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When it comes to evangelism, we often struggle. Maybe it’s the inertia that comes with feeling out of practice. Or perhaps it’s the age-old presence of fear that keeps us from speaking truth in love. Sometimes, a low-level guilt over countless missed opportunities tempts us to despair of trying at all.
In Before You Share Your Faith—a follow-up to Before You Open Your Bible—Matt Smethurst presents five ways you can become “evangelism ready.” While many good books begin further downstream by teaching how to evangelize, this volume will help you be primed for when the moment arrives. Because if you aren’t ready to share your faith . . . you probably won’t.
Casting light on five key foundations—grasp the gospel, check your context, love the lost, face your fear, and start to speak—this resource will deepen your desire and enhance your readiness to share the best news anyone could ever hear.
"When I was a new Christian 50 years ago I read two little booklets by John Stott on personal evangelism that changed my life. Matt Smethurst has written a short book on the same subject that is every bit as good as those older essays but of course far more up to date. Read it—it could change your life!"Tim Keller, Redeemer City to City
There are many books on evangelism, but this book is written with the premise that the biggest barrier to evangelism is actually us. All too often, we make excuses to ourselves and keep silent. Matt Smethurst tackles this head on. First, we must grasp how wonderful the Gospel, otherwise why would we share it with anybody? Smethurst uses an outline headed the Ruler, the Revolt, the Rescue, and the Response, which works well. Other frameworks are also available, such as Two Ways to Live, and internalising one helps us to remember and communicate the key points. To do that successfully, we need to understand where our audience is at. In other words, contextualisation is needed. Once we have established where the truth of the Gospel has best resonance with people’s lives, we can use that as a bridge, with the Spirit’s help, to create Gospel categories in their minds where they do not exist. Smethurst then moves to the heart of the issue with two chapters on love and fear. The honest truth is that we don’t tell people the good news of Jesus Christ because we don’t love them. Lack of love can also spoil evangelism either by viewing people as projects without relationship, or by allowing friendship to crowd out sharing the Gospel. Thankfully “We love because he first loved us.” (1 John 4.19). Thankfully too the Lamb is our shepherd (Revelation 7.17). That truth helps immensely in the face of fear, which Satan works to inspire in us. Good suggestions here are not waiting for the perfect moment, but just jumping in, and to be involved in evangelism with others, such as a team in a church. And then prayerfully start to speak. Prayer shows that we depend on God. Speaking is our responsibility as we answer questions and ask our own to uncover hidden idols. I would recommend this book to think about the heart issues in us that stop us sharing the Gospel with the ultimate motivation of the glory of God.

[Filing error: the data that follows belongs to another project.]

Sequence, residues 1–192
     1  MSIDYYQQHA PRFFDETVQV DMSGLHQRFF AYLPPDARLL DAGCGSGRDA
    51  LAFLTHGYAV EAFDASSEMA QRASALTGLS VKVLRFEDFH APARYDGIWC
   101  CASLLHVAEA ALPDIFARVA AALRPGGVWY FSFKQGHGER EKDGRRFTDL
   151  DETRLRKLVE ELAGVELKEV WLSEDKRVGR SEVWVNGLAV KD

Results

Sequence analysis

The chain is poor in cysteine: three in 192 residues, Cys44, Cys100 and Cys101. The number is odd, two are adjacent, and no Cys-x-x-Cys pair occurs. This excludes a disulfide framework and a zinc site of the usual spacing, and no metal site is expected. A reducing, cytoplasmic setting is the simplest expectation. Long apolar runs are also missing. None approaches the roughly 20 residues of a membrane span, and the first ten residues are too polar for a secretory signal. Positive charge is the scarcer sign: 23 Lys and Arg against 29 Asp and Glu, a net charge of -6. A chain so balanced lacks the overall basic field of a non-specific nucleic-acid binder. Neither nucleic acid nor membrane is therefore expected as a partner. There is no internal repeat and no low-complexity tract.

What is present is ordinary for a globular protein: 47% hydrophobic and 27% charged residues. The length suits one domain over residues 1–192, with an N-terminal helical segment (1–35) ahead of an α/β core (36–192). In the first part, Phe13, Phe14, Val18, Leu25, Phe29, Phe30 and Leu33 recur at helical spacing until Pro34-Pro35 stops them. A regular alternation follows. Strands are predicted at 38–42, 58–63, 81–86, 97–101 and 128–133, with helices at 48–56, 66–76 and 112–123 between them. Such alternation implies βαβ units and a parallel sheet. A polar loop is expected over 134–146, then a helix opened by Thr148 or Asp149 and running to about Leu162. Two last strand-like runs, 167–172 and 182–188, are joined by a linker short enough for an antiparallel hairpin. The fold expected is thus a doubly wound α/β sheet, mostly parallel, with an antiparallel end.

Personal evangelism is an important part of Christian discipleship that often strikes fear and trepidation into the hearts of many Christians. This makes “Before You Share Your Faith” an extremely helpful little book in preparing to share the Gospel. The book begins by ensuring that we have grasped what the Gospel actually is – to quote the theologian R.C. Sproul, “Your testimony isn’t the Gospel!” Before we share our faith we need to be clear about what the Gospel is! We also need to think about who the target audience is in order to explain the Gospel in a way that is clear and relatable to the hearer without changing its message: “When it comes to the Gospel, we don’t dress it up in order to make it cool, we break it down in order to make it clear.” (p27) The chapters “Love the Lost” and “Face Your Fear” also remind the reader that love casts out fear and fills our hearts with compassion for the lost. The author encourages the building of friendships to share the Gospel rather than just treating people as evangelism projects, but also warns of the potential to create friendships with unbelievers without getting round to sharing the Gospel. There are also practical suggestions to evangelise in groups in order to overcome fear and awkwardness – learning from others who are more confident in sharing their faith and being accountable to one another. Lastly, the final chapter “Start to speak” reminds us of the vital importance of prayer in preparation of evangelism and being willing to take risks in order to share the Gospel with others. In conclusion, this book is an excellent resource in helping those who want to step out more in their personal evangelism. As the author himself stresses in this book – it is not a “how to guide” for evangelism, but rather a helpful book in preparing you to step out in sharing your faith. It does this extremely well and was an inspiring read! Disclaimer: I received a complimentary copy from 10ofthose in exchange for an honest review.
This little book is a treasure trove of resources for thinking through how to share the gospel with someone, whilst making sure that you know it for yourself first! The author has researched his content well and uses little grey–scale boxes to challenge the reader with statements or questions. The book is practical and would lend itself to being used as a home group study. Read it to be challenged but to be helped too.
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